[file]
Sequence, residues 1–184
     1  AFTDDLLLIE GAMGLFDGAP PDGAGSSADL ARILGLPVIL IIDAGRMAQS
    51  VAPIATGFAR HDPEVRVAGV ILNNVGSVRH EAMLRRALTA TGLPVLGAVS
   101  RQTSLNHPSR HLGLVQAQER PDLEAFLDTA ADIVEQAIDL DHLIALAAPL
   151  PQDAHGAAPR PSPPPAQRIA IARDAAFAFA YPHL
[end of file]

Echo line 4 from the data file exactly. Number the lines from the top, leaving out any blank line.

   101  RQTSLNHPSR HLGLVQAQER PDLEAFLDTA ADIVEQAIDL DHLIALAAPL